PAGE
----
November 25, 2020, 02:43:26 AM

Author Topic: How much world-building is too much?  (Read 1036 times)

Offline S. K. Inkslinger

Re: How much world-building is too much?
« Reply #15 on: July 24, 2020, 08:20:34 AM »
I have this problem with Senlin Ascends. I've forced myself to drop and pick this up multiple times and have managed to reach 30% and it's been all 29.9% world building and 0.1% beginning of a plot. We haven't even gotten into the plot yet. The writing is nice, the world rich...but then without actual plot progression, it's just not gripping me at all.

Kinda my problem with Senlin Ascends as well. Although since the more I read about it the more I find that world ludicrous and unrealistic in the worst of ways, which kinda contributed to me dropping the book.

Offline David A. Werling

Re: How much world-building is too much?
« Reply #16 on: July 25, 2020, 03:45:08 PM »
I have this problem with Senlin Ascends. I've forced myself to drop and pick this up multiple times and have managed to reach 30% and it's been all 29.9% world building and 0.1% beginning of a plot. We haven't even gotten into the plot yet. The writing is nice, the world rich...but then without actual plot progression, it's just not gripping me at all.

I put this aside for that very reason.
“Time you enjoy wasting was not wasted.”

Dragon Slayer's Kingdom, available in ebook or paperback

Offline ScarletBea

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Re: How much world-building is too much?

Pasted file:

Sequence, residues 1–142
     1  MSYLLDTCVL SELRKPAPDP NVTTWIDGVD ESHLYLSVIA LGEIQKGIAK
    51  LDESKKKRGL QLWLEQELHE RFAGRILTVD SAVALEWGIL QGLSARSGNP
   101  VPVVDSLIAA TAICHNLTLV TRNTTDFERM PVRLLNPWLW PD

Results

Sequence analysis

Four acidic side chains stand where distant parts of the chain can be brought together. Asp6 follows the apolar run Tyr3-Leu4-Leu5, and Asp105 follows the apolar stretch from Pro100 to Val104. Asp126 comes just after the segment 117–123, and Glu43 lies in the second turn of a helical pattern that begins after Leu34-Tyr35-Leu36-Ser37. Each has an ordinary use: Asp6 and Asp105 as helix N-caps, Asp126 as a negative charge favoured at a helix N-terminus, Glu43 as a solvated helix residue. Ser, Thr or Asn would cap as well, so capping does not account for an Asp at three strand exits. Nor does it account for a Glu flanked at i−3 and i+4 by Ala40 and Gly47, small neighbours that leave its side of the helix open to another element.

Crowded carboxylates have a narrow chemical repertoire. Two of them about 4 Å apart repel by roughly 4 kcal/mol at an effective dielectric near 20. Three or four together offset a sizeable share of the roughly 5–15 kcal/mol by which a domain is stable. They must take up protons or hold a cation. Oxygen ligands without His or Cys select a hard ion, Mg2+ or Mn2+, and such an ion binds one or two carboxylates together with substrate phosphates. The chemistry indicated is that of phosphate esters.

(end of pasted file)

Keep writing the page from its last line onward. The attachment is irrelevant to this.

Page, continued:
« Reply #17 on: July 25, 2020, 04:16:41 PM »
I have this problem with Senlin Ascends. I've forced myself to drop and pick this up multiple times and have managed to reach 30% and it's been all 29.9% world building and 0.1% beginning of a plot. We haven't even gotten into the plot yet. The writing is nice, the world rich...but then without actual plot progression, it's just not gripping me at all.

I put this aside for that very reason.
I read this one to the end, but I'm not interested in reading the rest of the series.
It's almost as if each level of the tower was a new book, with a ton of world-building and explanations, and not so much plot...
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Offline Caith

Re: How much world-building is too much?
« Reply #18 on: July 27, 2020, 10:48:34 AM »
As soon as a character in a book says something like, "As you well know...", I know well that its time to shut the book and never open it again :)

I prefer books that make next to no attempt to overtly explain how the world they're set in works. Or even better, just drop in  a few intriguing bits to get you guessing. The Queen of the Tearling by Erika Johansen is a good example of this, that I read recently. The glimpses of the world it gives leaves you wondering what is going on and it makes you want to keep reading to find out.   

World-building, to me,  is like scenery and props in a play. Good to have around but I wouldn't  go and watch the play just to see them.

Offline ScarletBea

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Re: How much world-building is too much?
« Reply #19 on: July 27, 2020, 11:05:41 AM »
As soon as a character in a book says something like, "As you well know...", I know well that its time to shut the book and never open it again :)
I've actually been noticing this a lot in TV series - and I'm watching one episode per week, so I can just imagine how grating it must be for people watching lots of episodes in a row (side note: I hate the word "bingeing" for this)
Give your watchers some credit and assume they remember the basics...
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Offline David A. Werling

Re: How much world-building is too much?
« Reply #20 on: July 27, 2020, 02:18:06 PM »
World-building, to me,  is like scenery and props in a play. Good to have around but I wouldn't  go and watch the play just to see them.